Photo by Judy Watson Tracy

Chasing Amy:
The Adventures of a First-Year Student

By Kristen Manieri

Photos by Judy Watson Tracy

Amy Teixeira. Photo by Judy Watson Tracy

More than 1,500 miles from the island life of her Trinidad home, Amy Teixeira might well have become homesick during her first weeks at Rollins College, missing her family and her favorite stew chicken. But within days she was fully immersed in campus life, thanks to the College’s innovative first-year student programming known as Rollins Explorations.

A “hit the ground sprinting,” full-tilt series of academic programs and co-curricular initiatives, Rollins Explorations is rooted in the basic premise that the type of experience students have in their first year of college, and beyond, depends significantly on what they experience in their first few weeks on campus. The concept is simple: Students who feel a sense of belonging and acceptance bloom where they are planted. Help them make friends, and the rest will generally work itself out.

By the end of Week One, Teixeira has made 40 friends.

The Class that Binds

First-year students begin to cluster in their Rollins College Conference (RCC) class. Launched in 1994, the RCC program brings together 15 to 17 incoming students in each of 30 different seminar classes with provocative topics such as Crime Scene Chemistry or The Physics of Avatar. Each course is led by a faculty member who is also designated as the students’ academic advisor.

“These courses build a sense of community,” said RCC Faculty Director Mario D’Amato. “Students join together in the classroom, on service-learning experiences, on field trips, in their residence halls, and during social events. They get to know each other, their faculty advisors, and their peer mentors really well throughout all the experiences and activities incorporated in their RCC.”

Teixeria is placed in the honors class Justice, Good, and Evil, taught by Professor of Legal Studies and Communication Marvin Newman and Professor of English Twila Papay. Over the course of the semester, she and her classmates meet three times a week to debate controversial topics. “The class is designed to get you involved. If you don’t talk, they get you to talk,” Teixeira said. There’s no hiding out in an RCC. “In high school, we just had to sit there and take notes,” she recalled. “Here, it’s about being involved and forming an opinion. It’s interactive learning.”

Teixeira describes her RCC as being “spirited” and “emotional,” and filled with fierce debates about topics like same-sex marriage, cannibalism, physician-assisted suicide, abortion, and cloning. But mostly, she thinks of the formation of the group of people who launched her into Rollins life.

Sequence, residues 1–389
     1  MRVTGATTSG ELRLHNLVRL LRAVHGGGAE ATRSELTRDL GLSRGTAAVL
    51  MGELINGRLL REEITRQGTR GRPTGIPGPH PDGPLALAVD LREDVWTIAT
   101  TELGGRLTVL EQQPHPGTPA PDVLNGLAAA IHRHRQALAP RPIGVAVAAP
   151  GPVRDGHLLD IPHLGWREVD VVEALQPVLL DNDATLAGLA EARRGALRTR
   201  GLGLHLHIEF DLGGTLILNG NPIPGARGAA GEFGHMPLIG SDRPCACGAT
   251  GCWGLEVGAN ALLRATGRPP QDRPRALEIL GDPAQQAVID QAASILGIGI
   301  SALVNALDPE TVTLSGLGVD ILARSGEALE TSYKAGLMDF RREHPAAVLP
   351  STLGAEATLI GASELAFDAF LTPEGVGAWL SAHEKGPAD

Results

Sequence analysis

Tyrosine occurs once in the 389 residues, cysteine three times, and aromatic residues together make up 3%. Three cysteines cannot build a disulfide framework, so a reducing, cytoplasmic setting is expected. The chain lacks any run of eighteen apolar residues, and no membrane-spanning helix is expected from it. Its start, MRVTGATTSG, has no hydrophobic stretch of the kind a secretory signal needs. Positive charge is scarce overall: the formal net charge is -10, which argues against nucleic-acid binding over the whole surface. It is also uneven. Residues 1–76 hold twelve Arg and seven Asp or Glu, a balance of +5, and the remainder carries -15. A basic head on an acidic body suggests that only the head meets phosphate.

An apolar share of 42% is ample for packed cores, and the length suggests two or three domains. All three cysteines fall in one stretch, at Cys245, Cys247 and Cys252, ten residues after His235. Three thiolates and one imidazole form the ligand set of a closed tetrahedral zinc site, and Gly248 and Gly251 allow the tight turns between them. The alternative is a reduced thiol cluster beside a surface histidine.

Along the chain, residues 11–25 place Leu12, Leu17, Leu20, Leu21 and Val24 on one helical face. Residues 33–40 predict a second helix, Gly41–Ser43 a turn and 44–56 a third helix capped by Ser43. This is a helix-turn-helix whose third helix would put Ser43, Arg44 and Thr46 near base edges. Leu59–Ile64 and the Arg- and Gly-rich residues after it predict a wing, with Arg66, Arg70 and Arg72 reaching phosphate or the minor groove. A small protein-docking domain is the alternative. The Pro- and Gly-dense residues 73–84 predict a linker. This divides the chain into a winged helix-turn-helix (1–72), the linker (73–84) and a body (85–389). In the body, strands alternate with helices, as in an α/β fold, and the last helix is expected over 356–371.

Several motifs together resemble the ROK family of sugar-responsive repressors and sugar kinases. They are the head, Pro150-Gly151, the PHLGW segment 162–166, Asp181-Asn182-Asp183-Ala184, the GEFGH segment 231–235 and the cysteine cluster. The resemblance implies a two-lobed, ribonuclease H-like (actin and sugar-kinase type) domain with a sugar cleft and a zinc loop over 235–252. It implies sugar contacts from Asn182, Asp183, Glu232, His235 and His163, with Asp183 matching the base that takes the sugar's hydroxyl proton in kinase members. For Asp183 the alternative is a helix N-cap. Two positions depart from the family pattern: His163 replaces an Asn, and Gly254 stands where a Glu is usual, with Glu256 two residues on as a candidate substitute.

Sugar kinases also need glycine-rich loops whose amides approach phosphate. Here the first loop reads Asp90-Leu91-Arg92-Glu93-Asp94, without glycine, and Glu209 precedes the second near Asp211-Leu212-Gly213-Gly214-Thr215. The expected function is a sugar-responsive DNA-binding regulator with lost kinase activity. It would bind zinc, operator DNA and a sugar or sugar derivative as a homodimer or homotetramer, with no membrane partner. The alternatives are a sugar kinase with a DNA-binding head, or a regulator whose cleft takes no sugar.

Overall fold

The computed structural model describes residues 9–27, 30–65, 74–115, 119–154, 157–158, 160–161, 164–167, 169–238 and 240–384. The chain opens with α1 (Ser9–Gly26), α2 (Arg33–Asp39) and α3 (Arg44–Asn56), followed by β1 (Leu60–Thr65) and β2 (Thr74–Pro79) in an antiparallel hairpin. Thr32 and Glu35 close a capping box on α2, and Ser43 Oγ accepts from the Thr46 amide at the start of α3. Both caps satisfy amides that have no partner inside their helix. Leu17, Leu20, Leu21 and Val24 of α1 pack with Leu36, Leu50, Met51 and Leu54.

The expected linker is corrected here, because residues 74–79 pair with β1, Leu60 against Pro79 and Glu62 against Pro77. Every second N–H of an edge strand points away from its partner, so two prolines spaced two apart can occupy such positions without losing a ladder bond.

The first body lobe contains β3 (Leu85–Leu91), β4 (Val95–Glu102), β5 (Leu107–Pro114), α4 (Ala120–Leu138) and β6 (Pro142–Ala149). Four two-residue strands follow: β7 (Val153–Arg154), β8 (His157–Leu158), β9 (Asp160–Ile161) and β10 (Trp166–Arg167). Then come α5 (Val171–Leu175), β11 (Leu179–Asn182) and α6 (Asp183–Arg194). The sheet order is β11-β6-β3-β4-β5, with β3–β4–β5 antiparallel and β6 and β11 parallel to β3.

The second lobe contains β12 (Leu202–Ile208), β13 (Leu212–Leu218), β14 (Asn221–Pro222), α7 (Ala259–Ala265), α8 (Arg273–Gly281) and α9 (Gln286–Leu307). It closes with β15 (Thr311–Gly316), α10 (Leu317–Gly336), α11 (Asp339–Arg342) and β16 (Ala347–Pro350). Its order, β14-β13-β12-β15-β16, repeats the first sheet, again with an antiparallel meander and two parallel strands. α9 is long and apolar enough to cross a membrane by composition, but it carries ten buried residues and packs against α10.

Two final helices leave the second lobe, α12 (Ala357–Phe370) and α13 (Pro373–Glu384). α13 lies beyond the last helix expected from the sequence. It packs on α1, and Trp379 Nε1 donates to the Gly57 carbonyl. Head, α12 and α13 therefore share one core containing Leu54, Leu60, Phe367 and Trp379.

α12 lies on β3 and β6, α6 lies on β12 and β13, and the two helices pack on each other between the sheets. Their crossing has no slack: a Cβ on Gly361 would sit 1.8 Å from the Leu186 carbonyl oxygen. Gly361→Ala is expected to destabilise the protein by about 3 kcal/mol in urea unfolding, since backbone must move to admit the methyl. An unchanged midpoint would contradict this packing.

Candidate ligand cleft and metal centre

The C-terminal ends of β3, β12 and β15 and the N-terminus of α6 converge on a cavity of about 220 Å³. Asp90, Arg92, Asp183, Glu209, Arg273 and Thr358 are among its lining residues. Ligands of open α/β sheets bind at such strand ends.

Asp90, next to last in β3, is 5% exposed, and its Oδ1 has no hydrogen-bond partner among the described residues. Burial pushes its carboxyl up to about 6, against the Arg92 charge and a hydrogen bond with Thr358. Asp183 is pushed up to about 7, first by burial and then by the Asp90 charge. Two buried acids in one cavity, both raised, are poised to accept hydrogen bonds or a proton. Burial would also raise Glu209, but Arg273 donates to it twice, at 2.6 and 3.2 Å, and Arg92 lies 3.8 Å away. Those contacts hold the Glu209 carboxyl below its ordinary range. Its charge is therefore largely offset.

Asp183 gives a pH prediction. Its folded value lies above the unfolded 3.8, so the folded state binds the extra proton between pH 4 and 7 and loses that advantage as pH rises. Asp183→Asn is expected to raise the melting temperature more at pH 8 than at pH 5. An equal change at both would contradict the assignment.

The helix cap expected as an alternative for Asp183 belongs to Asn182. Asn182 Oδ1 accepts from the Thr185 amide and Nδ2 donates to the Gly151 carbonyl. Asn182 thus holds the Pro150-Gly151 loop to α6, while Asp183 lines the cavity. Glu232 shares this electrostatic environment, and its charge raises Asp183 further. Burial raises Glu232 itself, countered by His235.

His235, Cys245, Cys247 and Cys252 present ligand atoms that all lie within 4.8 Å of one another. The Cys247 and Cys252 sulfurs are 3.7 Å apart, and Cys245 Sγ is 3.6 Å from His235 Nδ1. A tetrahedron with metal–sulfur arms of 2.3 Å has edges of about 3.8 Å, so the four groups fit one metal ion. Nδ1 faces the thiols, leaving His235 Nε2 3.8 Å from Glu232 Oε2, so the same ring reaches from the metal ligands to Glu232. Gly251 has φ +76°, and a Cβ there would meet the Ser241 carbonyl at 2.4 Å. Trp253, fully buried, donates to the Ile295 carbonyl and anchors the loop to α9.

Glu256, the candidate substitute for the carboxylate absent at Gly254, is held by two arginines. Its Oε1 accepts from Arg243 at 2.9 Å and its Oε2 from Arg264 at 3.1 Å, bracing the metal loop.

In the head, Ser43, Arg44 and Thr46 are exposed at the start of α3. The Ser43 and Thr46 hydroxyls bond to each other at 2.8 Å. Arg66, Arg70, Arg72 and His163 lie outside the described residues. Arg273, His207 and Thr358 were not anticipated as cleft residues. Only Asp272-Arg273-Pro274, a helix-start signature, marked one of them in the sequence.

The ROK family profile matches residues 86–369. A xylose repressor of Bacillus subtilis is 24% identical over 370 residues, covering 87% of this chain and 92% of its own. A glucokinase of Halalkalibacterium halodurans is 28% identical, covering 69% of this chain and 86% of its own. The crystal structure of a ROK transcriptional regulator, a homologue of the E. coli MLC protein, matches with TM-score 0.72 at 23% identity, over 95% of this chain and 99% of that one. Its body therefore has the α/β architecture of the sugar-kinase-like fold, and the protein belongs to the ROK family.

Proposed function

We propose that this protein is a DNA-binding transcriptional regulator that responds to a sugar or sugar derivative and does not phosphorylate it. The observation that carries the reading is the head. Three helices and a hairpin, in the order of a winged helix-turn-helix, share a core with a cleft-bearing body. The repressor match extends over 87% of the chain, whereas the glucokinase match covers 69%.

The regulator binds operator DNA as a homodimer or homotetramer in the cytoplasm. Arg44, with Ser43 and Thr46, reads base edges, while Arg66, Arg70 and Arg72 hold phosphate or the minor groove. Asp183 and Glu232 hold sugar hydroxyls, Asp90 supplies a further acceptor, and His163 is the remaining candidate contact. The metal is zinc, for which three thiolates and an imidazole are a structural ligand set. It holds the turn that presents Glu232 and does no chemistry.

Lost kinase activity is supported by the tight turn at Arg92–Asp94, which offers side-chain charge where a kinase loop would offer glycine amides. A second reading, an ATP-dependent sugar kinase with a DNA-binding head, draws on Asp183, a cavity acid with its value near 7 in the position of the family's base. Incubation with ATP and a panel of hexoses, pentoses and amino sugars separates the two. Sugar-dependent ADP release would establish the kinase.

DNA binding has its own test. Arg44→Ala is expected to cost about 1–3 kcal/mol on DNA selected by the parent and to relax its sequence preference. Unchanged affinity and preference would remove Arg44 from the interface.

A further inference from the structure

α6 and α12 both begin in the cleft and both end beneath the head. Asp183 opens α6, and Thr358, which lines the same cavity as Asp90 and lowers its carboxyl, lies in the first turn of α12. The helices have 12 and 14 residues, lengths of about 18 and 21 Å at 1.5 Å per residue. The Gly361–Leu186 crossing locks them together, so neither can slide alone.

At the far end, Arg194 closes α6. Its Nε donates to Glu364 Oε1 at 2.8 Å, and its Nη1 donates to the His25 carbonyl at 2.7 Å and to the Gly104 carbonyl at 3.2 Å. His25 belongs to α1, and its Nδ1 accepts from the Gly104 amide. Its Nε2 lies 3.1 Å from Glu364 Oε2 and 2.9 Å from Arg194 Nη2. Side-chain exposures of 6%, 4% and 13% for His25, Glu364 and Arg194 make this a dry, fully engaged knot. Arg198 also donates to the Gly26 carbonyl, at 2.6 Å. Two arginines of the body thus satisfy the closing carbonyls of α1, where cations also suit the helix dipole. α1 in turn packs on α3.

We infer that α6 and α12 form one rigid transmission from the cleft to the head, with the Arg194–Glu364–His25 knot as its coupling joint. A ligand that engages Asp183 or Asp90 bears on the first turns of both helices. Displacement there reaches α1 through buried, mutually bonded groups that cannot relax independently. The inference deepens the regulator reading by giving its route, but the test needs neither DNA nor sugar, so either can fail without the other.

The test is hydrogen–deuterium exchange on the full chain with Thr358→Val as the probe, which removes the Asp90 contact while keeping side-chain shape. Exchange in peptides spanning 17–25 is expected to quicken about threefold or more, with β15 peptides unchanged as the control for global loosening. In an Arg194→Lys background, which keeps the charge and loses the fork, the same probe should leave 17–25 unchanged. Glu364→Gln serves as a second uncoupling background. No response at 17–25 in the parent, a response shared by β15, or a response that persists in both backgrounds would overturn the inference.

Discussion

“RCC is the program that sends the message to students and parents that Rollins really cares about them,” Newman said. “Students are not ID numbers here.” The RCC becomes, by design, a surrogate family for each new student.

Amy under Their Wing

Key components of this “family” are the peer mentors. Teixeira’s been matched with juniors Isaac Carpenter, Lucas Hernandez, and Kelsey Beaumont. Not only do they attend all of her RCC classes, this trio is also charged with ensuring that Teixeira and her compatriots know about what’s happening on campus and participate in as much as possible.

“Peer Mentors create programs dedicated to teaching the students about what Rollins has to offer and also about the most important values the College holds—values Rollins instills in them to help them succeed here and after college,” Beaumont said. “In many cases, as with Amy’s RCC, students also learn more about the surrounding area through a community-service component somewhere in the Central Florida community.”

In addition, peer mentors regularly lead the RCC group on social outings, including campus arts and entertainment events such as this fall’s Annie Russell Theatre productions of Grease and Biloxi Blues. “I would have been completely lost without this structure,” Teixeira said. “My RCC group is like family to me. I don’t think I would have settled in as well without them.”

Beaumont firmly believes the retention rate of first-year students is contingent upon the success of Explorations. “The first-year program does not allow students to come to college and simply fade into the background; they have to take part in something and are therefore much more likely to succeed, and to want to succeed.”

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